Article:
confined is it public to say he is onfined instead of he is hospitalised can we use both?
Aug 11, 2014 5:20 AM
Answers · 2
"Confined" gives the sense of imprisonment. It can be used to say that someone is unable to get out of a situation, and even though a person may need to be in the hospital, it doesn't fit the general feel of "confined." A hospital is a place that people (usually) go voluntarily. Unless there is the case of mental illness, a hospital cannot make a person stay there, so they do not confine people. However, as Gary mentioned people can be confined to bed or wheelchair. And if you do use "confined to the hospital" it will give the sense that the person wants to get out, but is not able to because of health or mental health problems.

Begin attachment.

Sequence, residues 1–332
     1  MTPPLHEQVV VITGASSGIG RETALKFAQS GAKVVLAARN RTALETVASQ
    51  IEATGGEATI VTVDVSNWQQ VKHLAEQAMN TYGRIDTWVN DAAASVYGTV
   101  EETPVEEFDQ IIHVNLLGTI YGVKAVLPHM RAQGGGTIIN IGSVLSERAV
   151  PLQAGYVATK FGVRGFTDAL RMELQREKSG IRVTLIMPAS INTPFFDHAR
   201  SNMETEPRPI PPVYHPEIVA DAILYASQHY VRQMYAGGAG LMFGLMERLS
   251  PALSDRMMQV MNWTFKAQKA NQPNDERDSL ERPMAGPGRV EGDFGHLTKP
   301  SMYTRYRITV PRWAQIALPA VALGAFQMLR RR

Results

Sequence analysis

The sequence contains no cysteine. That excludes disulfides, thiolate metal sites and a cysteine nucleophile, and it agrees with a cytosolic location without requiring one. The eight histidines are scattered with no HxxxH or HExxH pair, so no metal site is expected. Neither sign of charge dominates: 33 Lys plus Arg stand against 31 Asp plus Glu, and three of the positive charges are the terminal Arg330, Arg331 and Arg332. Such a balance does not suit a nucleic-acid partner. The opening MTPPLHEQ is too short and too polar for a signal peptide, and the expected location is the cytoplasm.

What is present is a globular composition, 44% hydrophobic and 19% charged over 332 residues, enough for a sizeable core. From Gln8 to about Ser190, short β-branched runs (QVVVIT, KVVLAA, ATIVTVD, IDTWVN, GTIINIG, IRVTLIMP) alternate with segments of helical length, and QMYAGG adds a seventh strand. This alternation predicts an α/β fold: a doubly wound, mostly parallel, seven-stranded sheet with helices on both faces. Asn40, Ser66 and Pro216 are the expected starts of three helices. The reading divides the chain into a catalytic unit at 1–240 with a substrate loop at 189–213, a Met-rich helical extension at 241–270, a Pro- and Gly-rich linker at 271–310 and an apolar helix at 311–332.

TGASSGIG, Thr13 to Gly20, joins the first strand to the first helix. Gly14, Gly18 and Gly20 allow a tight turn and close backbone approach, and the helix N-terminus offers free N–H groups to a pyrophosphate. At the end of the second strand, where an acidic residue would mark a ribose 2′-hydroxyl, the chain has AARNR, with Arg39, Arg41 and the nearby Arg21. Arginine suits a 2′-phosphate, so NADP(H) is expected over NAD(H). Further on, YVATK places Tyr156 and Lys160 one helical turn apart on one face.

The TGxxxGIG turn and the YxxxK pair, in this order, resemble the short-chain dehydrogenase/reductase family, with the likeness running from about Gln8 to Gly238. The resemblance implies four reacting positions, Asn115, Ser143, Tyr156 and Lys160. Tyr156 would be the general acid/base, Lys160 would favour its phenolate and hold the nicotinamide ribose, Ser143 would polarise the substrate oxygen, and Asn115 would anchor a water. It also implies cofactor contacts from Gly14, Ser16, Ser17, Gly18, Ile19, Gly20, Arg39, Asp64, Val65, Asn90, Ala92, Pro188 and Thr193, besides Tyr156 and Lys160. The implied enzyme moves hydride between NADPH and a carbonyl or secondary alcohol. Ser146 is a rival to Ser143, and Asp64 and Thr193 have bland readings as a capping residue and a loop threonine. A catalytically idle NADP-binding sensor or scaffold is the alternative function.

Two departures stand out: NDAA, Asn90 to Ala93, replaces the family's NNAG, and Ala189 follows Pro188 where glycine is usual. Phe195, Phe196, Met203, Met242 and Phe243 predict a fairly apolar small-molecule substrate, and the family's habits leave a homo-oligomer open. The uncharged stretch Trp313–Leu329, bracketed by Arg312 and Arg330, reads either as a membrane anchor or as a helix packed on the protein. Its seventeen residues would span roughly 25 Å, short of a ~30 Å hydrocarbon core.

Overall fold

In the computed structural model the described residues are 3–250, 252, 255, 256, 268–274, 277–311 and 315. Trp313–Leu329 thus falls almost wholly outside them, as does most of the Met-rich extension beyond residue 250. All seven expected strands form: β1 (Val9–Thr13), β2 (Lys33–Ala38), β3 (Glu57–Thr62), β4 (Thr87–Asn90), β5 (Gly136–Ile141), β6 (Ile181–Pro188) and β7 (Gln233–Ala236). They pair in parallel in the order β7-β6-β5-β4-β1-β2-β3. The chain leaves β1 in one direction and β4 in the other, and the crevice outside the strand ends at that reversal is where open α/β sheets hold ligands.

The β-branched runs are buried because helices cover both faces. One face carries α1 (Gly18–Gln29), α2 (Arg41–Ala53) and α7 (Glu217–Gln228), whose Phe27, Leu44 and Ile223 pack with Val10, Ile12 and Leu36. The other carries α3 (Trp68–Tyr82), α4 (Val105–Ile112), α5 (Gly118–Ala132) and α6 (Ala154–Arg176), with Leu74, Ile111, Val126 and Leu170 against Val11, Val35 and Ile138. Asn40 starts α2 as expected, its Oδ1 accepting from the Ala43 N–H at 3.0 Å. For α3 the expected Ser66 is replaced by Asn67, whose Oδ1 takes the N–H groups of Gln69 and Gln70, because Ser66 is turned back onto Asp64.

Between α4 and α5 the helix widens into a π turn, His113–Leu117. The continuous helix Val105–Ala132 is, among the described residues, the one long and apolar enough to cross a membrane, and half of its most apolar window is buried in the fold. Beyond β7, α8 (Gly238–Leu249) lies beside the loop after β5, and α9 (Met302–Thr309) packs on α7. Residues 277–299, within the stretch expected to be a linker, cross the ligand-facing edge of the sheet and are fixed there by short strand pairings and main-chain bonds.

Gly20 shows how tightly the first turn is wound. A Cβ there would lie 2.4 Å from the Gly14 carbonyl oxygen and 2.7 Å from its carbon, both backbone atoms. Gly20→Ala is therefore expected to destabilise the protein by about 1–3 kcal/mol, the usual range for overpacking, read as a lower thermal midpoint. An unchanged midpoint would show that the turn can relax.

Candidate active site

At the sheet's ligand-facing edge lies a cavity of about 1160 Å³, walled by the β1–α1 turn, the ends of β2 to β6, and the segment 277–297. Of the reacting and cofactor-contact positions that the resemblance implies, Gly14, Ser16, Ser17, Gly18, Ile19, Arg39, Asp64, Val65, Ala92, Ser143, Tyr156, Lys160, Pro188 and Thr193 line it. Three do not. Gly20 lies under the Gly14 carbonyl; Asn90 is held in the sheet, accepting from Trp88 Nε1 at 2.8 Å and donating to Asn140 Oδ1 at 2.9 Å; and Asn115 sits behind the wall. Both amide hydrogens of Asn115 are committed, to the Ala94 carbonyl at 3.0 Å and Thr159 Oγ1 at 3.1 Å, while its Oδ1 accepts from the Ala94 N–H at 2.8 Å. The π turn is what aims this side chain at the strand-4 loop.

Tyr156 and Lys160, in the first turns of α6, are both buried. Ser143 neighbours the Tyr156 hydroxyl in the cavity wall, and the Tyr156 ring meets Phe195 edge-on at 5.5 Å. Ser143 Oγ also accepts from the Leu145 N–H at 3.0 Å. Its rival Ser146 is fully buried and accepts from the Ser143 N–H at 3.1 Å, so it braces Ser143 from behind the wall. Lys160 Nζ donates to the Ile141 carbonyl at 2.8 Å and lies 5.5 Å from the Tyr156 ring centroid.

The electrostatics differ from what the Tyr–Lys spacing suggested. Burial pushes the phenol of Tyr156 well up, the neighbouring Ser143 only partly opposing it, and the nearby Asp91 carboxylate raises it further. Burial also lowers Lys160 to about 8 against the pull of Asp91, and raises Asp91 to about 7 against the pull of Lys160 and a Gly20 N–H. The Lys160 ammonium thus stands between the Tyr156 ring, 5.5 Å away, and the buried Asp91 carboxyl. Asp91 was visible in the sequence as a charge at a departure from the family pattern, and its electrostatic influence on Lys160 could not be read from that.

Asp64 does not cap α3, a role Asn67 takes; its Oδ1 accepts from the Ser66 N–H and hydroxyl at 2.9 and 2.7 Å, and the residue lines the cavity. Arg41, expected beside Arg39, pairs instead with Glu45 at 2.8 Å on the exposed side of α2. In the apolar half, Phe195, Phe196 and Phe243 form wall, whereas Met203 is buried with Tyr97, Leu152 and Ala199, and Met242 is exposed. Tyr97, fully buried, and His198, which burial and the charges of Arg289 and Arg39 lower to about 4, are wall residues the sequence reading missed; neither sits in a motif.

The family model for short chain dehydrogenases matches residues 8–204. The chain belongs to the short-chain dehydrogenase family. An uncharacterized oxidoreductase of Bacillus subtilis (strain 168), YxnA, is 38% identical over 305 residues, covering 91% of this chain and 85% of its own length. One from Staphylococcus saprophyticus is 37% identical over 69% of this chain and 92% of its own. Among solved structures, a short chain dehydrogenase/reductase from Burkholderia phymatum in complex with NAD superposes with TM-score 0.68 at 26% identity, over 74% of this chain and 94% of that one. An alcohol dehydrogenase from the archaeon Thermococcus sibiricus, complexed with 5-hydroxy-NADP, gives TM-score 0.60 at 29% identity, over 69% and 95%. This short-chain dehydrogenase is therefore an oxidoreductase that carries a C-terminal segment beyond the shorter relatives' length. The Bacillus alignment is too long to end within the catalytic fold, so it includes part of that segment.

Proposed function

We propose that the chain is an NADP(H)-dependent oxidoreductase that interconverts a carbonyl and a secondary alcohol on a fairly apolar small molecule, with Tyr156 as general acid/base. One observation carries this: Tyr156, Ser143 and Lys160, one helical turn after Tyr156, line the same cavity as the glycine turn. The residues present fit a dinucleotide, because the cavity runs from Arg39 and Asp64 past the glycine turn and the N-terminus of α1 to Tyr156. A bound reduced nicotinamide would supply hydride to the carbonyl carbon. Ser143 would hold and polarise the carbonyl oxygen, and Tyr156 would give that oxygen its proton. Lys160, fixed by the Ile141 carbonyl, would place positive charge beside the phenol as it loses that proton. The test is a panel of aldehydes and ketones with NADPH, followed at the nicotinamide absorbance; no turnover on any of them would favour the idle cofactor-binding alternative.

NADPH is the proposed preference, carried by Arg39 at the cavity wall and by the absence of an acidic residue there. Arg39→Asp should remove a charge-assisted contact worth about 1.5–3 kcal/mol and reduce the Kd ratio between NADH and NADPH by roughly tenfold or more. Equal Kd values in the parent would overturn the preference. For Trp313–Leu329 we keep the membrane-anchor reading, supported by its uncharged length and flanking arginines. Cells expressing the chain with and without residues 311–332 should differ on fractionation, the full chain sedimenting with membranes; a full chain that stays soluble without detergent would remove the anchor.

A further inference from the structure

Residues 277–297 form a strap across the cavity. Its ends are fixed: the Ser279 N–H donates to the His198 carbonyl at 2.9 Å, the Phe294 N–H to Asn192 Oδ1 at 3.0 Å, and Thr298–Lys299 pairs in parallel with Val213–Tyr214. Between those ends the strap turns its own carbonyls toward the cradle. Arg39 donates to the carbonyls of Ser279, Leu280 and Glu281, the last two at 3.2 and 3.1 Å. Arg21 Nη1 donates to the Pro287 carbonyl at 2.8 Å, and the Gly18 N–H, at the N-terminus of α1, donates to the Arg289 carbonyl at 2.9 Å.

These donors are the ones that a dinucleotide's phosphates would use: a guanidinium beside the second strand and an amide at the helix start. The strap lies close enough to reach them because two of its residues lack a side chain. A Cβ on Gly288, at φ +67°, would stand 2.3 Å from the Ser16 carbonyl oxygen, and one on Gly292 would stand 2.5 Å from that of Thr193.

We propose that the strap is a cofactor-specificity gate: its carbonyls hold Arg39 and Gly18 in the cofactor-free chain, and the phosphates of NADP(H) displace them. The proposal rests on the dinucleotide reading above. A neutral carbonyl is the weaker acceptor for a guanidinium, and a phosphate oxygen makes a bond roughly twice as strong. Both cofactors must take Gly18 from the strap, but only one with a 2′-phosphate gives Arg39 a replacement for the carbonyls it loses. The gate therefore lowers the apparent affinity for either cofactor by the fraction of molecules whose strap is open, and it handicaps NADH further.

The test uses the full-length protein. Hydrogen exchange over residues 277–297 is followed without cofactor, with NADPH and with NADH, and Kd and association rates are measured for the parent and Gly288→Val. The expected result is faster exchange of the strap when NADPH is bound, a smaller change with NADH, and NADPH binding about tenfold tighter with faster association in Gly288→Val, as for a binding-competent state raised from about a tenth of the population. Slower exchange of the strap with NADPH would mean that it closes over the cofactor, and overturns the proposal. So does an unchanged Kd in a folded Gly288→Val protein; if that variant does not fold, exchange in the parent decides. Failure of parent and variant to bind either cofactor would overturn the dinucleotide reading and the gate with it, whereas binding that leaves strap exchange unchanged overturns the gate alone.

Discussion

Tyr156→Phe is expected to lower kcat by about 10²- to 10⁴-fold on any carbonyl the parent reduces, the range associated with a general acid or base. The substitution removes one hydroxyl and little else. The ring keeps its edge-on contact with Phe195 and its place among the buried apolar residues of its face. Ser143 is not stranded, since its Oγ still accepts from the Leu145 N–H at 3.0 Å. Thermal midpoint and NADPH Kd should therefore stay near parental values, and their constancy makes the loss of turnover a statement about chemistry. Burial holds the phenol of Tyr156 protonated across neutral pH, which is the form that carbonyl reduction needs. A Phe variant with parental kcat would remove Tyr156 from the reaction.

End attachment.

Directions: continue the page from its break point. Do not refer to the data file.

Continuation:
August 11, 2014
'confined' isn't a very good word to use on it's own. It used to be used for women who were pregnant, so that could cause confusion! You can say confined to 'somewhere' e.g. confined to bed, or confined to a wheelchair, if it is somewhere you can't get out of. Perhaps because people don't like the idea of not getting out of hospital, it isn't common to say 'confined to hospital'.
August 11, 2014
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